"There's your dog; your dog's dead. But where's the thing that made it move? It had to be something, didn't it?" Practically any of Errol Morris' fascinating documentaries could occupy this slot such as Vernon, Florida, The Thin Blue Line, A Brief History of Time, Mr. Death: The Rise and Fall of Fred A. Leuchter, Jr. and The Fog of War. Gates of Heaven, Morris' first feature documentary, centers around the pet cemetery business.
American Movie documents the life of Mark Borchardt, an obsessed filmmaker who lives about as far away from Hollywood as you could possibly get - Menomonee Falls, Wisconsin. Borchardt's main goal in life is to finish a full-length horror film titled Northwestern. It's obvious that this guy's entire film career is based on the opening scenes of Night of the Living Dead. Mark's determined to live out his version of the American dream. He's also a deadbeat dad with three kids out of wedlock. To fund his masterpiece, Mark runs up credit cards, borrows from friends and relatives, and works a series of menial jobs - from delivering newspapers to vacuuming a mausoleum. His creditors are after him and so is the IRS. He doesn't give a shit. So he drops Northwestern and focuses on a shorter film called Coven, "a psychological thriller portraying an alcoholic writer's descent into the demonic abyss of a self-support group." He figures if he can sell 3,000 "units" of the flick at $14.95 apiece he can raise enough money to finish his dream project. The final scene of American Movie is very revealing. It shows some of Mark's old silent black-and-white film clips from the early '80s - the same friends racing around madly, drinking beer and raising hell. Nothing has really changed . . . Sample Dialogue: "Is that what you wanna do with your life? Suck down peppermint schnapps and try to call Morocco at two in the morning? That's senseless! But that's what happens, man. '"
Les Blank's riveting documentary focuses on the utter chaos surrounding the filming of Werner Herzog's epic, Fitzcarraldo in the jungles of South America. Whether having to replace his entire cast, attempting to drag a 320-ton steamer over a small mountain or trying to deal with totally insane actor Klaus Kinski, Herzog reveals an unwavering obsession to finish his film. Sample Dialogue: "Without dreams we would be cows in a field and I don't want to live like that. I live my life or I end my life with this project."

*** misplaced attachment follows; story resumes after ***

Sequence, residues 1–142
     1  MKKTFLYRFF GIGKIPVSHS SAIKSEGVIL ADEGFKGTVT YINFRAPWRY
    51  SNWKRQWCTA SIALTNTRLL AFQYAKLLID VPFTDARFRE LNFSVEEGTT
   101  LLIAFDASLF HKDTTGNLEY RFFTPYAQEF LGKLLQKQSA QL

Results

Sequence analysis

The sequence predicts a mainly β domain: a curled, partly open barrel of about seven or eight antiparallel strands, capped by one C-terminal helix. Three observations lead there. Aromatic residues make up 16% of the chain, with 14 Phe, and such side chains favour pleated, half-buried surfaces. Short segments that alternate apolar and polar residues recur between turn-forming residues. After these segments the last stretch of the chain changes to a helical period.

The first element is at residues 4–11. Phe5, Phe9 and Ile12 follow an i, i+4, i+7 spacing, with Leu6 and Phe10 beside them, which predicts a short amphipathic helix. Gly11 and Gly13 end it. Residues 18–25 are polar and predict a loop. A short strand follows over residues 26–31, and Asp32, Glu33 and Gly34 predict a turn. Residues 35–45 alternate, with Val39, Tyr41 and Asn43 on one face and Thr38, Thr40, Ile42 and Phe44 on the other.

As Crumb opens, R. Crumb, complete with his trademark cheap suit, thick glasses and porkpie hat, sits cross-legged on the floor, listening pensively to a scratchy blues record from his extensive and rare 78-rpm album collection. We soon learn that "bizarre" and "dysfunctional" don't even come close to describing Crumb's family. A bleak childhood led Crumb and his two brothers to escape into a fantasy world of comic books. Crumb admits that he was attracted to Bug Bunny as a child and later became fixated on Sheena, Queen of the Jungle. His first sexual memory is of hanging out in his mother's closet and humping a pair of her cowboy boots, while singing "Jesus loves me, yes I know . . ." Needless to say, he didn't get a single date during high school. It was during the late '60s that Crumb created his most popular work such as Keep on Truckin' (which caused him "nothing but headaches"), Mr. Natural and Fritz the Cat, which was made into a cartoon that "embarrassed me for the rest of my life," he reveals. He finally got revenge on Fritz in a later comic by having a female ostrich stab him in the head with an icepick. Crumb's LSD-inspired comics during the '60s truly captured the seamy side of America's subconscious. Sample Dialogue: "My father was a rigid, gung-ho type who had a hard-ass attitude to life . . . All three of his sons ended up to be wimpy, nerdy weirdos. He wanted at least one of us to end up as a Marine. He always wore a fixed smile, which I later learned was a sign of deep depression."
TOP 10 OFFBEAT DOCUMENTARIES, PART 2